The tradition of reading specific portions of Scripture on certain days of the year began in a small way. Before the middle of the fourth century only the Gospel readings for Good Friday and Easter were traditional. By the end of the fifth century the readings on the six Sundays preceding Easter (Lent) had become traditional, and readings had also been established for Christmas and the two Sundays following it. By the end of the sixth century the readings on the five Sundays following Easter, the five Sundays preceding Christmas (Advent), and of the three Sundays preceding Lent, had become established. By the end of the seventh century the churches in and around Rome were using unofficial lectionaries which specified readings for every Sunday of the year. Towards the end of the eighth century the French king Charlemagne published such a lectionary, based upon one he had obtained from Rome, for the use of churches throughout his realm. At the end of the tenth century (AD 1000) this lectionary of Charlemagne, with a few local variations, had become traditional throughout the churches of Western Europe. The readings were still in Latin, as was the entire service. Only a small fraction of the people understood it, even in Rome.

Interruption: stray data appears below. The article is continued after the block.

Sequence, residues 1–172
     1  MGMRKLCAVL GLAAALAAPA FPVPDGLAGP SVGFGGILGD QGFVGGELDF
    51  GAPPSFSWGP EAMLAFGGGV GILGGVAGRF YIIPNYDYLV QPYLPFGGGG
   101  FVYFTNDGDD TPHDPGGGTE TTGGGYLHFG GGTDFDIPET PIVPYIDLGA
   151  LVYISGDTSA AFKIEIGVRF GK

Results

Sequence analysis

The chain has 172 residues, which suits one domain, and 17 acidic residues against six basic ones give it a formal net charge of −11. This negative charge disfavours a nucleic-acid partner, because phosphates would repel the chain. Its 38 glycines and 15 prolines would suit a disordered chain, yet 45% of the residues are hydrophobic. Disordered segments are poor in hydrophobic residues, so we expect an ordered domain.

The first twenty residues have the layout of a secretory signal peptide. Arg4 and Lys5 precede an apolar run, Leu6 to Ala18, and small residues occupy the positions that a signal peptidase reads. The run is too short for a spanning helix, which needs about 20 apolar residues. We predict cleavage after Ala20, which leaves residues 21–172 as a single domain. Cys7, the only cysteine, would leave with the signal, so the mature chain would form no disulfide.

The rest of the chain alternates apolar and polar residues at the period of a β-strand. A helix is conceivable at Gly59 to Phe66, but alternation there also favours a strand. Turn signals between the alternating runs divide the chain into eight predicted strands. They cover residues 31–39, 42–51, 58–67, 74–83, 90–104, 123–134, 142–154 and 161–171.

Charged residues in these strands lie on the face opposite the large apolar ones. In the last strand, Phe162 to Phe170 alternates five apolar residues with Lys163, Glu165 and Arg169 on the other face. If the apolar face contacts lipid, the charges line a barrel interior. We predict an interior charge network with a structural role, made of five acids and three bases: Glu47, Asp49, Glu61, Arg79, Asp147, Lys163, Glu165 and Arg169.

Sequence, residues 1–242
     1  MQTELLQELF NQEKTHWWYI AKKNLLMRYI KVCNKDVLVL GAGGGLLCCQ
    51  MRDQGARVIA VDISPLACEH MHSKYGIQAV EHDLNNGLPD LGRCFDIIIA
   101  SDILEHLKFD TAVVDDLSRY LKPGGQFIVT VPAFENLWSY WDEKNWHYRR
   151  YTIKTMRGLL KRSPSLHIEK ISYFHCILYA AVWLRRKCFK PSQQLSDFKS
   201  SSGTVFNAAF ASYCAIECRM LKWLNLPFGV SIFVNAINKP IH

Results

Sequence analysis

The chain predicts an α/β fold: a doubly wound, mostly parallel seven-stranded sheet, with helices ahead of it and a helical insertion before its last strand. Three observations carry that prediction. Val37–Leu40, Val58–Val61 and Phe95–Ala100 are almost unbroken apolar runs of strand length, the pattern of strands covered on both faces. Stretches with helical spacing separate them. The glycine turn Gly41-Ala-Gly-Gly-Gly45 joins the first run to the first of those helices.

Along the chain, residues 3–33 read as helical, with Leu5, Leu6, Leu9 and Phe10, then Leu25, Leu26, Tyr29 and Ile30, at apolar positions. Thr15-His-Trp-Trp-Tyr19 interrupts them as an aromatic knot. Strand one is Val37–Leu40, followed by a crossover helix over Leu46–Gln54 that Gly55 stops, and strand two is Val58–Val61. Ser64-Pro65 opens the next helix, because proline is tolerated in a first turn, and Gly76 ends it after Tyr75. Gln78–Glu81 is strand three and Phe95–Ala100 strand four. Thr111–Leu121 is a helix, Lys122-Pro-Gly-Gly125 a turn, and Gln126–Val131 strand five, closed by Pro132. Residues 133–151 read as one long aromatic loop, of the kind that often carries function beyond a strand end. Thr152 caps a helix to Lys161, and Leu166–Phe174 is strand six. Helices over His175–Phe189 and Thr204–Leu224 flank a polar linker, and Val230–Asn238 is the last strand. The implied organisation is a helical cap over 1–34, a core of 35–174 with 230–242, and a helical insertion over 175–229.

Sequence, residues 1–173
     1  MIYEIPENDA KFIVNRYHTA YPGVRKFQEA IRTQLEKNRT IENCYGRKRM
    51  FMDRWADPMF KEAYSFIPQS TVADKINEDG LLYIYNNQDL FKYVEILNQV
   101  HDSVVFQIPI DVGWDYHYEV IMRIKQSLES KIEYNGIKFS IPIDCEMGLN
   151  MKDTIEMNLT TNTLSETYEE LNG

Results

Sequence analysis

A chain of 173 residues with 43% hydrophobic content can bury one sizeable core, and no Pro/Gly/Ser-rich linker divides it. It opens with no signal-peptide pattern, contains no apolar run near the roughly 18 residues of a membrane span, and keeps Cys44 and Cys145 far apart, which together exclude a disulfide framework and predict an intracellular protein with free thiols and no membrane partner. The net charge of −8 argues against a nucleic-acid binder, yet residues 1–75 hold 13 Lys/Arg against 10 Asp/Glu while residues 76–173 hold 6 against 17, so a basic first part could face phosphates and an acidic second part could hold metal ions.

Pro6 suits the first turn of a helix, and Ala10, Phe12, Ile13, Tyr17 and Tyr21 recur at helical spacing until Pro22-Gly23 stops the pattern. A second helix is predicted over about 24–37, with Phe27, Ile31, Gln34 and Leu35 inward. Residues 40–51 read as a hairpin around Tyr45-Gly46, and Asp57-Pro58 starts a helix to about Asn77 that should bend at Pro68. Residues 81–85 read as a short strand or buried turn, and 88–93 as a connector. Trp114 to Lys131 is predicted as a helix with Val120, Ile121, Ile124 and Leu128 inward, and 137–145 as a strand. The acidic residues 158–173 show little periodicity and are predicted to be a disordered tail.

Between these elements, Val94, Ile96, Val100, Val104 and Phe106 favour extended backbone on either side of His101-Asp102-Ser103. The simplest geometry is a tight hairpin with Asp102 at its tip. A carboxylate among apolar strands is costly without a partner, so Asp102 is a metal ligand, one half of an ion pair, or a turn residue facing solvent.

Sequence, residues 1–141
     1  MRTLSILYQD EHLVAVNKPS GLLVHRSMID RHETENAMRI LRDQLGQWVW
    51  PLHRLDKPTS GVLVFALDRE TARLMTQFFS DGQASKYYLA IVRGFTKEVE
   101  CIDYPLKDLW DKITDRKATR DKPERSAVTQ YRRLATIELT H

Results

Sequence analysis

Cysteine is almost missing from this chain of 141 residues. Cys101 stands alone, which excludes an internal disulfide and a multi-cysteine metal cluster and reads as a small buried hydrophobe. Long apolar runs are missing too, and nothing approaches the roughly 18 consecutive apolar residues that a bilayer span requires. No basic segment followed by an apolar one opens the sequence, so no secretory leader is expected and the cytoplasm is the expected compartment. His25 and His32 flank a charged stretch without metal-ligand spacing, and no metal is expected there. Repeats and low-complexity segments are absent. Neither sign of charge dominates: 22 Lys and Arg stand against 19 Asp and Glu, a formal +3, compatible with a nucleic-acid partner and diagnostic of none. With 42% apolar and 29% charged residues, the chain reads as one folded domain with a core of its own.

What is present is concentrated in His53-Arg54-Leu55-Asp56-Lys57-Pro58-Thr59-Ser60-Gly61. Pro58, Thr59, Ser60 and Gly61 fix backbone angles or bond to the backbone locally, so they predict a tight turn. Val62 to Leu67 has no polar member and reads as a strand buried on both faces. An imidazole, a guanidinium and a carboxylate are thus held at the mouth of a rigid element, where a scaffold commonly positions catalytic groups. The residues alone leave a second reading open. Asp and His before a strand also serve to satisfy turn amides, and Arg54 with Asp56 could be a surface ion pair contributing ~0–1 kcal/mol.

In the sixteenth century, at the time of the Protestant Reformation, Martin Luther and his followers caused the Sunday readings to be done in German, but they continued to use the old lectionary. Likewise the moderate Protestants who took charge of the Church of England continued to use the old lectionary, with minor modifications. The more radical Calvinists in Switzerland, Scotland, and the Netherlands discarded the old lectionary, and adopted the custom of reading completely through selected books of the Bible.